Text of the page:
by Stephanie McCauley
Gifted learners can often be perfectionists. According to the National Association for Gifted Children, about 20% of gifted children suffer from perfectionism. Although not always detrimental, perfectionism can inspire unhealthy expectations and even cause anxiety and depression in children.
So what can we do to help our gifted students enjoy their work in a beneficial and rewarding way? Here are some ideas:
- Identify healthy and unhealthy perfectionism: NAGC provides a list of healthy and unhealthy behaviors. For example, does your child set high standards and display a general acceptance of self? Or is she constantly dissatisfied with her performance, even when she has put great effort into her work?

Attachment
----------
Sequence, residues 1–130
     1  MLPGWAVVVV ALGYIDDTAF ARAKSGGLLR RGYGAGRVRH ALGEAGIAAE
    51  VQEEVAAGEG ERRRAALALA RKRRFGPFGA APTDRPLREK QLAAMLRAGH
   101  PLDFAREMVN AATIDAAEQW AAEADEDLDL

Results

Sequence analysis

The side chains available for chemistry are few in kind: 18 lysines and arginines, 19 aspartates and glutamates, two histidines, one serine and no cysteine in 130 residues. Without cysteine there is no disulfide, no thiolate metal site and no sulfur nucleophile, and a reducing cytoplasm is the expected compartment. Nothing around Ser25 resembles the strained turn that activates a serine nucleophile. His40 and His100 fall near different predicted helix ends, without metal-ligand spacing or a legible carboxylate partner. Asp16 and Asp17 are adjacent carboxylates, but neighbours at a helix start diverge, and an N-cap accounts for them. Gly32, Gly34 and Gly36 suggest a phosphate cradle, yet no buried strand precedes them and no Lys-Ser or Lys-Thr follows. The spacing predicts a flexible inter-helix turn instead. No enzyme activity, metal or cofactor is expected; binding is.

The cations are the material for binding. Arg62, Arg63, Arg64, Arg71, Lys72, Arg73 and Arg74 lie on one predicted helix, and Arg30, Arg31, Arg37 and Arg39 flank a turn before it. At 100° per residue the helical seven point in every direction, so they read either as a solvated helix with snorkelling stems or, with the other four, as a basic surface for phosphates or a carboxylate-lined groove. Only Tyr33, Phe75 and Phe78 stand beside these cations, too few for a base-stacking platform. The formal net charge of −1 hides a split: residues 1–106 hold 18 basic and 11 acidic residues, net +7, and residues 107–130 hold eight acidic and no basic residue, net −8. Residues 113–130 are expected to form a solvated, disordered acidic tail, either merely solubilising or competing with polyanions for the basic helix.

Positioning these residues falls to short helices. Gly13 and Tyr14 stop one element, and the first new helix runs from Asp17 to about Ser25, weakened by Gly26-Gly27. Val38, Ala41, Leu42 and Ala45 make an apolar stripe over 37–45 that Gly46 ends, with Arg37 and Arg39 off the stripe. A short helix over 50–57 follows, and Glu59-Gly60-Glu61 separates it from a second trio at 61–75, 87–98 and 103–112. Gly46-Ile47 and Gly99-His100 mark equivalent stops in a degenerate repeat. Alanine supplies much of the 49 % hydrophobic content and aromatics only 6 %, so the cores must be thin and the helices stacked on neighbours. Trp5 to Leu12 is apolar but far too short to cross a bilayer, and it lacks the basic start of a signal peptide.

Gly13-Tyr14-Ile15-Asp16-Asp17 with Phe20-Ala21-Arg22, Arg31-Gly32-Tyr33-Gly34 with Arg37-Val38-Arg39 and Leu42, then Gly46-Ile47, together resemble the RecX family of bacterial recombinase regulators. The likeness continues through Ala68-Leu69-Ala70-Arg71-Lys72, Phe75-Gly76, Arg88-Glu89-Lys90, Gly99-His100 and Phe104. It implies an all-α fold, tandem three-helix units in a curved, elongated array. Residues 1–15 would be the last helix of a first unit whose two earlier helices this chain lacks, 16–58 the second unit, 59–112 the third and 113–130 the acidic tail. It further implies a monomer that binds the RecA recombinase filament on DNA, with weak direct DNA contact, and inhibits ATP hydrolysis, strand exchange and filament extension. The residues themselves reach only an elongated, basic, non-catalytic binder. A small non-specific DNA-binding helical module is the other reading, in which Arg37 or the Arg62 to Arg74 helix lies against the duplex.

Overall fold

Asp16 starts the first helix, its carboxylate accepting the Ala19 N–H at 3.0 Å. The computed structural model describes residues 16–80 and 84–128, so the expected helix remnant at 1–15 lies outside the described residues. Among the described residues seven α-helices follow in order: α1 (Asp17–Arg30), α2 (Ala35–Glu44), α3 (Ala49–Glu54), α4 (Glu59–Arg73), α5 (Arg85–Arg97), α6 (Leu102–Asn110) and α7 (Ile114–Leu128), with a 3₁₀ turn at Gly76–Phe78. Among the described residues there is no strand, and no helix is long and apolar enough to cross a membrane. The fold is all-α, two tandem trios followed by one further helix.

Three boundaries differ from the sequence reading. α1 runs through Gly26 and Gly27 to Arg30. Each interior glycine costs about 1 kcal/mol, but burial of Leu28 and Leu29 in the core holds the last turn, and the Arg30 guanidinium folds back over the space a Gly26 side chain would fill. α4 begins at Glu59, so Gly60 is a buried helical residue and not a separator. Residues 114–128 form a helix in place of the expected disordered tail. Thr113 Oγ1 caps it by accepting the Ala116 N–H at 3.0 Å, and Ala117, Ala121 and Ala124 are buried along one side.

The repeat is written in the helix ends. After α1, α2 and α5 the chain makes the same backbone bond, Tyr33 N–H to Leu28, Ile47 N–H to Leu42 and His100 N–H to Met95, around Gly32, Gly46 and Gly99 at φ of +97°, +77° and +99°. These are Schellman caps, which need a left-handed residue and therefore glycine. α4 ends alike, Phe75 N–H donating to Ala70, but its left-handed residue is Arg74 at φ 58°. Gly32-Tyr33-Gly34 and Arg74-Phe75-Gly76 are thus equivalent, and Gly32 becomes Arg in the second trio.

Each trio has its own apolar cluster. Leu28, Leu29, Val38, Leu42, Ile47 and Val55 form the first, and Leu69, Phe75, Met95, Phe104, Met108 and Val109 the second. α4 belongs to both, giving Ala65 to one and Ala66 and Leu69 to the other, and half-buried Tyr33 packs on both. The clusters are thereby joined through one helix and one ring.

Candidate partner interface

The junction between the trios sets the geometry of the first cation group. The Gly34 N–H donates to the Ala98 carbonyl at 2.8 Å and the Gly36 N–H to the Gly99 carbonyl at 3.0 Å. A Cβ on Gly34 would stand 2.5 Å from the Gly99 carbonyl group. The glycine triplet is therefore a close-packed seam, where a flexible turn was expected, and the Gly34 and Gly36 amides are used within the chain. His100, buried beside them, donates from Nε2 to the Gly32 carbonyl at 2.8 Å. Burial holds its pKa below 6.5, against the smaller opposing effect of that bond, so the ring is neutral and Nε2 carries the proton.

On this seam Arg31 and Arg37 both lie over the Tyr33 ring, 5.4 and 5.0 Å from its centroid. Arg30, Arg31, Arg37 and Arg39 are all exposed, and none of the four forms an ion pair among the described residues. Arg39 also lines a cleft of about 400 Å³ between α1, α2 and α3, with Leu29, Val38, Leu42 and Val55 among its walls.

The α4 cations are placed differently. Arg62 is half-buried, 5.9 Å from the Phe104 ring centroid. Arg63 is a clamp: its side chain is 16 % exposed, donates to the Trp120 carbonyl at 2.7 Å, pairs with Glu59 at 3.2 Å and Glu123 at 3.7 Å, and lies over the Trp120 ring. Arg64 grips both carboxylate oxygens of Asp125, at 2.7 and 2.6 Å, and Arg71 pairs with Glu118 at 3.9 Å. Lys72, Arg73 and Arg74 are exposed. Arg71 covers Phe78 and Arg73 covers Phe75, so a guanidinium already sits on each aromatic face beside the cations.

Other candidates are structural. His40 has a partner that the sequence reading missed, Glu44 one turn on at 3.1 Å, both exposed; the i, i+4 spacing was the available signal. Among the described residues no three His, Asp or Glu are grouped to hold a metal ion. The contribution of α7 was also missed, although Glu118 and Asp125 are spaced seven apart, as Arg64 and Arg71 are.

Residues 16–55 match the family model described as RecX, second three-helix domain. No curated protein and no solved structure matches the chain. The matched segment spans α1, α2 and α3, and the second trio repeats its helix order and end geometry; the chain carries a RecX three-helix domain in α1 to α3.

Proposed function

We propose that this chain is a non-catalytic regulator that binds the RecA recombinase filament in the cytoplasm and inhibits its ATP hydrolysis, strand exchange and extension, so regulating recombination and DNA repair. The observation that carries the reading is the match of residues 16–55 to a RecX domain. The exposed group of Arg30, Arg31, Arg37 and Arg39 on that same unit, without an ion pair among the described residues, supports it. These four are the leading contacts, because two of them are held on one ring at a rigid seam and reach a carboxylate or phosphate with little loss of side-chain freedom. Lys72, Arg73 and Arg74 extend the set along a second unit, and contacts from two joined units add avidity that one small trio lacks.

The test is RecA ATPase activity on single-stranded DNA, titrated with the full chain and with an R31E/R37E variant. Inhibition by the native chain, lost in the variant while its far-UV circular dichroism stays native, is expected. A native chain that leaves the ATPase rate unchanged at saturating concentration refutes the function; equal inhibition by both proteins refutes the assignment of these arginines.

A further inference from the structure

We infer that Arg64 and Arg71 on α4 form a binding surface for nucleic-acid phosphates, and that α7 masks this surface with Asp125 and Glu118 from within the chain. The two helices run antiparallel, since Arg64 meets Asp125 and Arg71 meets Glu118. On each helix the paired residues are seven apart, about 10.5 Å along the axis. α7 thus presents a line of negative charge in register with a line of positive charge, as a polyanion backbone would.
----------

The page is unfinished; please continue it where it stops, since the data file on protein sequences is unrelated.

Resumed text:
- Work with kids to expose and alleviate their worries: In this article for The New York Times, Jessica Lahey considers how to help children realize that mistakes are normal. This process involves listening carefully to students’ worries and helping them reframe their expectations. This article from NAGC's Parenting for High Potential also includes some tips to help students cope with perfectionist behaviors.
- Shift your perspective as a teacher or parent: In her article “Perfection and the Gifted Adolescent” Mary Codd urges readers to consider both the positive and negative aspects of perfectionism. Although perfectionism may be tied to negative effects, it can also push gifted students to succeed. Olympic athletes and concert pianists, for example, may need to strive for perfection to reach their goals.